The Pepsi #FanEnough Mobile tour recently made its sixth stop at the Dallas Cowboys and Washington Redskins Sunday night game last week. As a part of their promotion, it provides fan animations—a fun way to prove that you’re #FanEnough by hopping in front of a green screen and showing what you got.
The way it works is the fan stands in front of the green screen while a team of editors create custom football-based animations behind them. The fanimations are then recorded and randomly selected to be shown on stadium Jumbotrons throughout the game.
Ed "Too Tall" Jones is one of many former NFL players working with Pepsi as a part of its #FanEnough tour, and I was afforded the privilege of interviewing the Hall of Famer.
Dilan Ames: Hello Mr. Jones, thank you for taking the time to speak with me. So, many people know you for your height, of course, but you were actually a big part of breaking the racial barrier in the NFL. How did it feel to be the first football player from a historically black college to be selected first overall?
Ed Jones: I was very honored, first of all, and shocked and I still am. Coming out of Tennessee State which was a very good Division II program. I had a great coaching staff and I am always saying how somebody helped me along the way.
I didn’t play high school football, and had I gone to a Division I school, you probably wouldn’t have ever heard of Ed Jones because they have so much talent at those schools that they wouldn’t have been able to bring me along slowly like you have to. Those coaches spent a lot of time with me and I paid a hell of a price, worked very hard. One of the things that they taught me was work ethic, so because of that and the Dallas Cowboys having scouted me when I was just a sophomore at Tennessee State, everything had to fall into place.
The year before, the Dallas Cowboys traded with the Houston Oilers. They traded Toby Smith and Billy Parks for Houston’s No. 1 pick and Houston finished last.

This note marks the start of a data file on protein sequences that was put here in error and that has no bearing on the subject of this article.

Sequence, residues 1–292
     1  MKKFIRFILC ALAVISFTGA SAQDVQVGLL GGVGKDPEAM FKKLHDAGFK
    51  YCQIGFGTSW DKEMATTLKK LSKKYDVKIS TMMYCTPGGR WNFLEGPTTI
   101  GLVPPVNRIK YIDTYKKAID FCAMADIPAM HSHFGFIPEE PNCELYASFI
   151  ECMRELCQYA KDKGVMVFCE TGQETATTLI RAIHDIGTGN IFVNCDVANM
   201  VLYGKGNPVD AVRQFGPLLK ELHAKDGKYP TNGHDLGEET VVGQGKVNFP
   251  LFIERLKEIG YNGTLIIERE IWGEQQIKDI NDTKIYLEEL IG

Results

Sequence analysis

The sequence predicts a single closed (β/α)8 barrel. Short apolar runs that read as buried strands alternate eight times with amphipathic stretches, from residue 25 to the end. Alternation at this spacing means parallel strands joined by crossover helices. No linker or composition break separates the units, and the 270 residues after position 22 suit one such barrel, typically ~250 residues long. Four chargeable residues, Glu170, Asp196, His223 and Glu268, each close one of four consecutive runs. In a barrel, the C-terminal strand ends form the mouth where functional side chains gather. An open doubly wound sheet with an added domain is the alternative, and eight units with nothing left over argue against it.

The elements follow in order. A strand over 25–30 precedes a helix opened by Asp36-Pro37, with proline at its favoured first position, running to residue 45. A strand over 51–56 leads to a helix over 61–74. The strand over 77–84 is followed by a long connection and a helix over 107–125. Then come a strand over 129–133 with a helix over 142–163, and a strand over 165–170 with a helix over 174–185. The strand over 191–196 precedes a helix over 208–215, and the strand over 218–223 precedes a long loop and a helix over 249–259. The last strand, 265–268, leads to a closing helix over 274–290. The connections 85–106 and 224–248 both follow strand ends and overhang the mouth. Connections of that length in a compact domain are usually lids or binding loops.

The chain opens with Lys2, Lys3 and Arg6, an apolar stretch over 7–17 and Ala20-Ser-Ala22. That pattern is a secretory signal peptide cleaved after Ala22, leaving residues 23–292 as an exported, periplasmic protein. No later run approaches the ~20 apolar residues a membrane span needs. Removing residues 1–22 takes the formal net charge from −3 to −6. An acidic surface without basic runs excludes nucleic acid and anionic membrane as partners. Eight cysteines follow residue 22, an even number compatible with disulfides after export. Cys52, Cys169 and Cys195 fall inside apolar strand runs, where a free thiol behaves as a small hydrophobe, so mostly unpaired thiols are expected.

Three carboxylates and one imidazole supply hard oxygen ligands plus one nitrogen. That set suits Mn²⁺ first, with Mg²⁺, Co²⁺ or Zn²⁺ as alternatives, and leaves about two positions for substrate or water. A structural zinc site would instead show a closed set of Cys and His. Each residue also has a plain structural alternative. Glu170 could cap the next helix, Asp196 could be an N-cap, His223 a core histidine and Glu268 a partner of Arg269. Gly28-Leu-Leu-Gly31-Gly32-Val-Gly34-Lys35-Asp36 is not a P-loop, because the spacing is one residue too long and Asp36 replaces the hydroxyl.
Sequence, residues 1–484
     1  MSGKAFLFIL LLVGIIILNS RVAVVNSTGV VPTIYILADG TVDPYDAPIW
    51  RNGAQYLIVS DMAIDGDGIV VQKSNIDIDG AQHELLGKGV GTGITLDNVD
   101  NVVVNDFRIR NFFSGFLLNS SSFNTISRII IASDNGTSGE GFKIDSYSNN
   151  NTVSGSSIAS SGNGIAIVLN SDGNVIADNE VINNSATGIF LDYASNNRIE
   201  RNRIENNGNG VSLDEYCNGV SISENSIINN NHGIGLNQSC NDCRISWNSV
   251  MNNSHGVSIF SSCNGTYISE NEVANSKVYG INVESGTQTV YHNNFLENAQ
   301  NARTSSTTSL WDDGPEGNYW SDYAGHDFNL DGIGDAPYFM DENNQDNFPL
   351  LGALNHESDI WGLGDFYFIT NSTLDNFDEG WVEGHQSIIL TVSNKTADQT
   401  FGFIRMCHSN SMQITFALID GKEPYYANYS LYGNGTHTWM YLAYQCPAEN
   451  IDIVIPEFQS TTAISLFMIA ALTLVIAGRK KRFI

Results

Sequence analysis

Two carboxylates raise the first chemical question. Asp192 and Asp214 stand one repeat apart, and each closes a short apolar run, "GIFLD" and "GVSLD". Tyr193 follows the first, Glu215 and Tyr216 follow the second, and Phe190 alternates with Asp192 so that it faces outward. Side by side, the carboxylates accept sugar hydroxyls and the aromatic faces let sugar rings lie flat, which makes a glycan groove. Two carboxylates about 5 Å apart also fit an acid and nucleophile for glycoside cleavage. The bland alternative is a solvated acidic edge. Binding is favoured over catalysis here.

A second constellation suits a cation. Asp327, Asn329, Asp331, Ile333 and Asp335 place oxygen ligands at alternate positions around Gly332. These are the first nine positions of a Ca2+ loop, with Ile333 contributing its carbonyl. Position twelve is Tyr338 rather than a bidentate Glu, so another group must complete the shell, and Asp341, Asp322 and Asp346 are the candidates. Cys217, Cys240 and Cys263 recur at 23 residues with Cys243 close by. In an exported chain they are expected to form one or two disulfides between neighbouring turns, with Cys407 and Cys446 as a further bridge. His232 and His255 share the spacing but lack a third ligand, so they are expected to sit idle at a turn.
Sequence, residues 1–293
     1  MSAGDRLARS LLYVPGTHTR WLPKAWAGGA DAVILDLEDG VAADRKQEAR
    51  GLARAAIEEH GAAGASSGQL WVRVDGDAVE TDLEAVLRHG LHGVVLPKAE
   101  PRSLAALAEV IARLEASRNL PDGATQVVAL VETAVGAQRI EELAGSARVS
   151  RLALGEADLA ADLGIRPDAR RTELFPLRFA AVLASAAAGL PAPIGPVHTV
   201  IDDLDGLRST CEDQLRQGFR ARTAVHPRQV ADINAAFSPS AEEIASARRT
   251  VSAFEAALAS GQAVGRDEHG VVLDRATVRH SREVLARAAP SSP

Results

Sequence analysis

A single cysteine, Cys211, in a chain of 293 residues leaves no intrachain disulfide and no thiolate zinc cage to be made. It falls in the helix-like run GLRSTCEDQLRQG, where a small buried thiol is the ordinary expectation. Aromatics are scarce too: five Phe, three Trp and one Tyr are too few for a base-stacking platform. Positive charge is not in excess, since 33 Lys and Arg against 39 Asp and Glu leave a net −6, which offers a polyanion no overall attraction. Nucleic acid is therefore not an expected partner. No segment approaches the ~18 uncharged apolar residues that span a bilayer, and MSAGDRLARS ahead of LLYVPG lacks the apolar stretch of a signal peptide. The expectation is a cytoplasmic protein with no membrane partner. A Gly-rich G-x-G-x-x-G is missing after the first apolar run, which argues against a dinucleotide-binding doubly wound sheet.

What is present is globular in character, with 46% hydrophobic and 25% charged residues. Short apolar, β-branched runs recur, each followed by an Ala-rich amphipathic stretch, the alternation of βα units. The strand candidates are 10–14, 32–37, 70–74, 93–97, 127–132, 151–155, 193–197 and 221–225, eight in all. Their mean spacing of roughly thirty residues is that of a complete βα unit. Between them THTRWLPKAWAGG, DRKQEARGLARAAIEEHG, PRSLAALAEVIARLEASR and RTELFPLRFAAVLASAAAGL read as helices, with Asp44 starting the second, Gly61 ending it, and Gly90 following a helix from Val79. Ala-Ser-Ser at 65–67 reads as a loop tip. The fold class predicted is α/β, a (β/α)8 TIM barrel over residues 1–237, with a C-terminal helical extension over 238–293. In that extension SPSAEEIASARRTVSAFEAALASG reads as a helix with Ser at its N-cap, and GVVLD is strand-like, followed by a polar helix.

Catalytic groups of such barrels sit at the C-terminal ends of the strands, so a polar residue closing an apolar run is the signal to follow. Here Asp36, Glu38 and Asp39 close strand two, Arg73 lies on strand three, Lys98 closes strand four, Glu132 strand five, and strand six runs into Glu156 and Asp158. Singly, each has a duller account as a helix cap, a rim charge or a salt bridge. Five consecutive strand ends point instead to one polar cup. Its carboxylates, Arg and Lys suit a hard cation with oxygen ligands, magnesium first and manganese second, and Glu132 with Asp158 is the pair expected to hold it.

Like I said, Dallas had watched me for three years and felt that I was the guy, and I am so glad and thankful they did because I was a big Cowboys fan growing up as a kid.
DA: Alright, so you're five years deep into your NFL career, you have a Super Bowl ring and a quickly growing legend, yet you decide to leave to pursue a boxing career. What was the deciding factor for you to switch sports and focus on Ed Jones the boxer instead of Ed Jones the football player?
EJ: Boxing was my favorite sport when I was a kid. My father was a big fight fan and every kid wants to be like their dad, so I spent a lot of time at the gym, you know the Golden Gloves. I always knew one day I would box, but at the same time, I wanted to pursue football.
After four years I decided it was time to move on, and I gave the Cowboys my year’s notice that I would not be returning and played out my option year.
Just getting that elephant off my back was one of the best career moves I ever made because the next 10 years were the best years of my career.
DA: Do you think that going to boxing then returning to the NFL helped you get refocused on your football career?
EJ: It did because in my first five years I went to three Super Bowls, and you’d think that would be enough. My mind was still in the ring and so I just had to get that elephant off my back and prove to myself and do something that I really wanted to do instead of being 40 years old and never pursued my dream.
Not a lot of us get to go through life and have an opportunity to do that, so it was very important to me to give it a shot.
DA: There are many reasons why players decide to retire from the NFL. What was your reasoning to hang ‘em up?
EJ: A couple of things. First of all I played 15 years and never missed a game. Then they let Coach Landry go, who I had played for for 14 years. I thought a lot of that man and he thought a lot of me, so I thought then was the time to give it up, but Coach Johnson and Butch Davis convinced to come back and play another year and I said, "You know what? Let me see what it’s like to play in another system and a new organization."
Even though we were 1-15 that year, it was a fun experience for me, and I knew those guys would turn that team around.